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Prompted by Leah Goodridge’s recent essay in the UCLA Law Review which “examines professionalism as a tool to subjugate people of color in the legal field,” this discussion illuminates how racial hierarchy and inequity operates within the legal professionalism context—not only for attorneys and paralegals but also for those participating in the legal process. Please join the Deborah L. Rhode Center on the Legal Profession, the Stanford Center for Racial Justice, and the John and Terry Levin Center for Public Service and Public Interest Law for a thought-provoking conversation with Leah, Misasha Suzuki Graham, and Professor Ron Tyler, moderated by Professor Richard Ford.
This event is co-sponsored with the Black Law Students Association, Asian and Pacific Islander Law Students Association, Native American Law Students Association, Black Business Student Association, and Stanford American Indigenous Medical Students.
|Leah Goodridge is a nationally renowned movement lawyer, thought leader and writer with over a decade of experience in housing rights and racial justice. Currently, Leah is the Managing Attorney for Housing Policy at Mobilization for Justice and she also serves as a Commissioner on the New York City Planning Commission. In 2022, Leah published the influential article, Professionalism as a Racial Construct, in UCLA Law Review. The article has been featured in Forbes, Teen Vogue and Dame Magazine and is taught in over 20 law schools, business schools and universities. Leah received her J.D. from the University of California at Los Angeles (UCLA) School of Law and her B.A. from Vassar College.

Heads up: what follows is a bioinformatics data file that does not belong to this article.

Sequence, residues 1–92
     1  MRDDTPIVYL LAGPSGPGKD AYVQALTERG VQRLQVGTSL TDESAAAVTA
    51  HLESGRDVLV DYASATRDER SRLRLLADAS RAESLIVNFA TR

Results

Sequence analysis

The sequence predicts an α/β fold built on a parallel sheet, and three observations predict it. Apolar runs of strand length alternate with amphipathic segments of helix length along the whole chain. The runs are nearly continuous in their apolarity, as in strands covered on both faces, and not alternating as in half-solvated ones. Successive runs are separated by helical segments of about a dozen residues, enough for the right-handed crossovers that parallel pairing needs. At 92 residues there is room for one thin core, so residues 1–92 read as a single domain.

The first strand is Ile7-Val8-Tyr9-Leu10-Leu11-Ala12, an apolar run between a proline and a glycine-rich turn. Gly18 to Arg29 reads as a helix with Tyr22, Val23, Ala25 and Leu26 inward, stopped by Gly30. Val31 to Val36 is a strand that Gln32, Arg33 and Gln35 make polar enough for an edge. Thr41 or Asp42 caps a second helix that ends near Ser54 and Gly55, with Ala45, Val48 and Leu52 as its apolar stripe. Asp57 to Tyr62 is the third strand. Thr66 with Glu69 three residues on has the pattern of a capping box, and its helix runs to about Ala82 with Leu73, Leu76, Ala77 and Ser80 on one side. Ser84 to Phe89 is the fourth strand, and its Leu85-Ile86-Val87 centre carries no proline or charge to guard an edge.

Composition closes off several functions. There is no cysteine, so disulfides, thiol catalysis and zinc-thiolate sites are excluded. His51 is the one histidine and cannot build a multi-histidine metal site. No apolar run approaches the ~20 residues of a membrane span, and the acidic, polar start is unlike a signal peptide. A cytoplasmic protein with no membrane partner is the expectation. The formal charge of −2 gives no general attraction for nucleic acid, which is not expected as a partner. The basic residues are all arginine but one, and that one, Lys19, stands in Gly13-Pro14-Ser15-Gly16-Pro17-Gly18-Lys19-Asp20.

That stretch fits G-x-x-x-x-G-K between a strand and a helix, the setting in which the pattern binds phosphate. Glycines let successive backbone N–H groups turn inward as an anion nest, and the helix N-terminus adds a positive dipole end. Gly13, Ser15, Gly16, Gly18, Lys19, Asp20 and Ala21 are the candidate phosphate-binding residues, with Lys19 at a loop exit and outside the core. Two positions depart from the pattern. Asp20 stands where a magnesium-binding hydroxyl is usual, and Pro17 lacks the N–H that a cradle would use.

|A graduate of Harvard College and Columbia Law School, Misasha Suzuki Graham has been a practicing litigator for over 15 years, and is passionate about diversity, equity and inclusion in the legal profession as well as in her communities. She is a facilitator, writer, and speaker regarding issues of racial justice, especially with regards to youth, the co-author of Dear White Women: Let’s Get (Un)comfortable Talking About Racism, and the co-host of Dear White Women, a social justice podcast. Misasha, who is biracial (Japanese and White) is the proud mom of two very active multiracial young boys.
|Ron Tyler is a Professor of Law and Director of the Criminal Defense Clinic at Stanford Law School. The Clinic represents clients in the superior courts of California. Prof. Tyler’s scholarly agenda focuses on self-care skills for lawyers and criminal practice and procedure. His article: The First Thing We Do, Let’s Heal All the Law Students: Incorporating Self-Care Into A Criminal Defense Clinic, 21 Berkeley J. Crim. L. 1 (2016) is available at: http://scholarship.law.berkeley.edu/bjcl/vol21/iss2/1. Read more here.
|Richard Thompson Ford is the George E. Osborne Professor of Law at Stanford Law School.
He writes for both scholarly and popular audiences and has published in newspapers and journals such the New York Times, the Washington Post, the Boston Globe, the San Francisco Chronicle, The Christian Science Monitor, The Chronicle of Higher Education, The Boston Review, Esquire.com and Slate as well in such scholarly journals as the Harvard Law Review, the Stanford Law Review and the Yale Law Journal. Read more here.